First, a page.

hostile work environment
Bullying can create a hostile work environment, which can make it difficult for employees to do their jobs effectively and could lead to legal issues.
decreased customer satisfaction
Employees who are being bullied can damage an organization's reputation, making it more difficult to attract and retain employees and customers.
damage to reputation
Workplace bullying can damage an organization's reputation, making it more difficult to attract and retain employees and customers.
How to Address Workplace Bullying
Managers need to be able to address workplace bullying and put an end to it. In many cases, this is a sensitive issue that may require guidance from the company's HR department.
First and foremost, it's important for managers to acknowledge the situation with the person being bullied, particularly if they came forward with a concern. The 2021 survey by the Workplace Bullying Institute found that many employees feel that organizations do not address bullying adequately, which can lead to further negative consequences.
Acknowledging the issue clearly and with appropriate confidentiality can help affected employees retain (or regain) trust in the organization.
7 tips for how to address an individual who is exhibiting bullying behavior in the workplace:
1. open dialogue
Start by having a conversation with the person accused of bullying. Be open and non-confrontational, expressing concern and giving them a chance to respond.
2. document everything
Make sure to record all instances of bullying, including dates, times, places, what happened, and any witnesses. This will provide substantial evidence if further actions are needed.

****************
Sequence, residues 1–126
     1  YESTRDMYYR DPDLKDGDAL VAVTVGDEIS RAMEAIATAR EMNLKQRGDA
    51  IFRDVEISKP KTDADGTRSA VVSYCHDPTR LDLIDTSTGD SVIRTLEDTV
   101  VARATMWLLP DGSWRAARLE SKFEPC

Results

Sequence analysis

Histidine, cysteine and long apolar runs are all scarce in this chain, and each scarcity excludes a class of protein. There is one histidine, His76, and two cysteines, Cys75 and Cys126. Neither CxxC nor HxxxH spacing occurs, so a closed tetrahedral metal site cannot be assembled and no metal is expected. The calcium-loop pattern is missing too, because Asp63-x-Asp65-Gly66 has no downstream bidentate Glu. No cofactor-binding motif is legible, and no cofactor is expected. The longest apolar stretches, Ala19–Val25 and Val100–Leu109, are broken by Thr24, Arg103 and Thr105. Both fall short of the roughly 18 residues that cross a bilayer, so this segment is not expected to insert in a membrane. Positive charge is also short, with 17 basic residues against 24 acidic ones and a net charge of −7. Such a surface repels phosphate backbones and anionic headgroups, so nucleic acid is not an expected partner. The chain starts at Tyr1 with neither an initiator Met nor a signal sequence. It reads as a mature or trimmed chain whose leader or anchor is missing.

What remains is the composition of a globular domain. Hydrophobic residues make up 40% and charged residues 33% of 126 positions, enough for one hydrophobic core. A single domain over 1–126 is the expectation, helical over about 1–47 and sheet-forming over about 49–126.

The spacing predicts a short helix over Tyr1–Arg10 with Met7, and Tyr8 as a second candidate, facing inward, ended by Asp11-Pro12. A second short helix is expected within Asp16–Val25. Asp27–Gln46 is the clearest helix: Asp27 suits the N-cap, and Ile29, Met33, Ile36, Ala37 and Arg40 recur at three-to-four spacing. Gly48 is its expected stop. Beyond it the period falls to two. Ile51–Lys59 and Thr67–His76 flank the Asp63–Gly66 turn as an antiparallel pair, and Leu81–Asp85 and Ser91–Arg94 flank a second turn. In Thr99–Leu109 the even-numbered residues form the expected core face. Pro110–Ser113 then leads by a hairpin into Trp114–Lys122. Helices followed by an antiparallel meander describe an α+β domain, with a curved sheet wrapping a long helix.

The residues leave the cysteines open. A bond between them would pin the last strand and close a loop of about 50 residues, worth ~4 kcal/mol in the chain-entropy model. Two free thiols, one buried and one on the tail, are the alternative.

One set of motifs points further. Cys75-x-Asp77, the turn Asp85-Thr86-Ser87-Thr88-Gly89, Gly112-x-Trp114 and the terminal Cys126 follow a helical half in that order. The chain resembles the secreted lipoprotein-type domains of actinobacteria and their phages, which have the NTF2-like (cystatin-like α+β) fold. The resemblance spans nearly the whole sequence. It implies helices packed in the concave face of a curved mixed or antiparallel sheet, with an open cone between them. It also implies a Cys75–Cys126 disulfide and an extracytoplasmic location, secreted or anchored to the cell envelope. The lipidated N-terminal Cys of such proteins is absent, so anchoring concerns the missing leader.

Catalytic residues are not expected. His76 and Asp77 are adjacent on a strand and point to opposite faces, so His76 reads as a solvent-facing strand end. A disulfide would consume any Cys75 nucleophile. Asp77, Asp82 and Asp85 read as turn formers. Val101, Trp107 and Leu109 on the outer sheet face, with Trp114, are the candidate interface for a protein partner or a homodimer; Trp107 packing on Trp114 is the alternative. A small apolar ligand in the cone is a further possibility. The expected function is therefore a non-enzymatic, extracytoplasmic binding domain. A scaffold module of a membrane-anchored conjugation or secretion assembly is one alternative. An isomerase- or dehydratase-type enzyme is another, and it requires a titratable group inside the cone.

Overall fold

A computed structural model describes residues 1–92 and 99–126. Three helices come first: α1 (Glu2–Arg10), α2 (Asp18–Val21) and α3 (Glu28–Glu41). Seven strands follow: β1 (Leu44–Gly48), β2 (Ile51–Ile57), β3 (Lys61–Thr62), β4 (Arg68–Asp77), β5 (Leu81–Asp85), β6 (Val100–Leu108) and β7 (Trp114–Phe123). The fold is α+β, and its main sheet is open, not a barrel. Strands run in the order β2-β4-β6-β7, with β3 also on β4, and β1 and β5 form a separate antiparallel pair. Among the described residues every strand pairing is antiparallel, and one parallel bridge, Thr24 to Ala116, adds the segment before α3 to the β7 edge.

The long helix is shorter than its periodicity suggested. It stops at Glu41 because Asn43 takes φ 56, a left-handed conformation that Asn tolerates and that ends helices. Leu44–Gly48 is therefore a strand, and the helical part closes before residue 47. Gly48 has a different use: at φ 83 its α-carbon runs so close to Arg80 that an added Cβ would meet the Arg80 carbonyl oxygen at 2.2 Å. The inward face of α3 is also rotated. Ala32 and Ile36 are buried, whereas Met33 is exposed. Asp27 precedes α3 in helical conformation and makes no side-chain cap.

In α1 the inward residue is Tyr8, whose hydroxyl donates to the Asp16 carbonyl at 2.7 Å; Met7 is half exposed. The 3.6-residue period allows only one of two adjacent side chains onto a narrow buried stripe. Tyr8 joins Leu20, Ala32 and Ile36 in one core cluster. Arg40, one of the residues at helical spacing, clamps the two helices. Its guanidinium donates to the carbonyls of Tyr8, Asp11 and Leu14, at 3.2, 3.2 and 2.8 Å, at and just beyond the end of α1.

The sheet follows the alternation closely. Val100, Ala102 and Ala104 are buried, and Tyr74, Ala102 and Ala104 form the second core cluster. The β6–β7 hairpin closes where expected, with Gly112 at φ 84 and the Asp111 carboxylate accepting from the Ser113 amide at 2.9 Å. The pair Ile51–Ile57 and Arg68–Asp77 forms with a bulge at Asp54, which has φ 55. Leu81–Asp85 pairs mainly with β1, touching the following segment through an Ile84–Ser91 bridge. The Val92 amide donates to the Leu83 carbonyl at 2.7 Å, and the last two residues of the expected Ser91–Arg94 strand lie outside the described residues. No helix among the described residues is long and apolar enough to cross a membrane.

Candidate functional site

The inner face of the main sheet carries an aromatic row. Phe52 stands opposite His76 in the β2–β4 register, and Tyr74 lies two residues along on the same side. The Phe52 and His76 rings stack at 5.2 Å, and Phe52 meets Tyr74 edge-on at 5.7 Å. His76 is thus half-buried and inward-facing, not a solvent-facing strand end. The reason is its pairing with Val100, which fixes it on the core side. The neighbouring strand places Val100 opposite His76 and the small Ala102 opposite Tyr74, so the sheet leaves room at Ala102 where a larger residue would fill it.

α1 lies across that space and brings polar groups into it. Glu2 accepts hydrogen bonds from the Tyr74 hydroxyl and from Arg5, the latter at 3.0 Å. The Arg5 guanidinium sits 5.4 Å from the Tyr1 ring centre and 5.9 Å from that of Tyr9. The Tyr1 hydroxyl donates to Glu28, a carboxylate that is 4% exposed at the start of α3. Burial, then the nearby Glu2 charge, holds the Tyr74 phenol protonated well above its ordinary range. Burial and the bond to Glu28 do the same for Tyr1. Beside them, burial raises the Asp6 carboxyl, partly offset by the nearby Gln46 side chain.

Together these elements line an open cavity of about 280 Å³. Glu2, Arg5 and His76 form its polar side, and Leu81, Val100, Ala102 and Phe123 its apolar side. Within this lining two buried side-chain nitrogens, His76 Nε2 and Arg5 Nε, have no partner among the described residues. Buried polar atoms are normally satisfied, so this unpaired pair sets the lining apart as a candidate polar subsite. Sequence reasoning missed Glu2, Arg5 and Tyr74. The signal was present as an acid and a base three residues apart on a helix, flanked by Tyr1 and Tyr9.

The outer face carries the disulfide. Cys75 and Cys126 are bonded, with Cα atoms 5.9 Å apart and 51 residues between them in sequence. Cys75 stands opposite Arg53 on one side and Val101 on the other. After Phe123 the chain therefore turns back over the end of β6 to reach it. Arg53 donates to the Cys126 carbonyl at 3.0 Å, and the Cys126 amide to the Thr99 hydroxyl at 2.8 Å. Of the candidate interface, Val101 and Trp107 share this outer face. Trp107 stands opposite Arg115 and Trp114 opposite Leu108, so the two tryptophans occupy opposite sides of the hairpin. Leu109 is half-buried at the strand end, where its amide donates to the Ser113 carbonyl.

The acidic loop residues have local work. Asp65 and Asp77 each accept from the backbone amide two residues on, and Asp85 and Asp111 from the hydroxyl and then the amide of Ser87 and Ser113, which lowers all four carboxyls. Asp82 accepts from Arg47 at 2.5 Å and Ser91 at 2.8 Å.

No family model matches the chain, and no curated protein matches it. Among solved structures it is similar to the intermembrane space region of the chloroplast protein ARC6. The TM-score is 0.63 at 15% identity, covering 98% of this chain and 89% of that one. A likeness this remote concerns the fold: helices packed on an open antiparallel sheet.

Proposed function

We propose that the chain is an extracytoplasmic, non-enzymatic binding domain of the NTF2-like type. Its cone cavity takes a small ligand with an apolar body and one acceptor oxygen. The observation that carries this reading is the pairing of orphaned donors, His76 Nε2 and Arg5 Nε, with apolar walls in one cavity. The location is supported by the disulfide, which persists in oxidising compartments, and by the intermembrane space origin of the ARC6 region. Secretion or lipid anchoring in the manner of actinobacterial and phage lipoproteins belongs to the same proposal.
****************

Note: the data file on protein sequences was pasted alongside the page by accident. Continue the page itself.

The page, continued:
3. Provide feedback
Give clear, constructive feedback about the behavior that needs to change. Explain how their actions are affecting others and the organization as a whole.
4. set expectations
Lay down clear expectations for improvement. The individual should understand that bullying behavior will not be tolerated and what the consequences for continued behavior will be.
5. offer support
If appropriate, provide resources for personal development, like anger management or communication skills training.
Regularly check in to see if the behavior has changed and provide feedback. If the bullying continues, escalate according to your company's policies.
7. enforce consequences
If, after following all these steps, the person continues to bully others, then enforce penalties. This could range from a formal warning to demotion, transfer, or even termination. The key is to ensure that the consequence matches the severity and persistence of the bullying behavior.
Preventing Bullying in the Workplace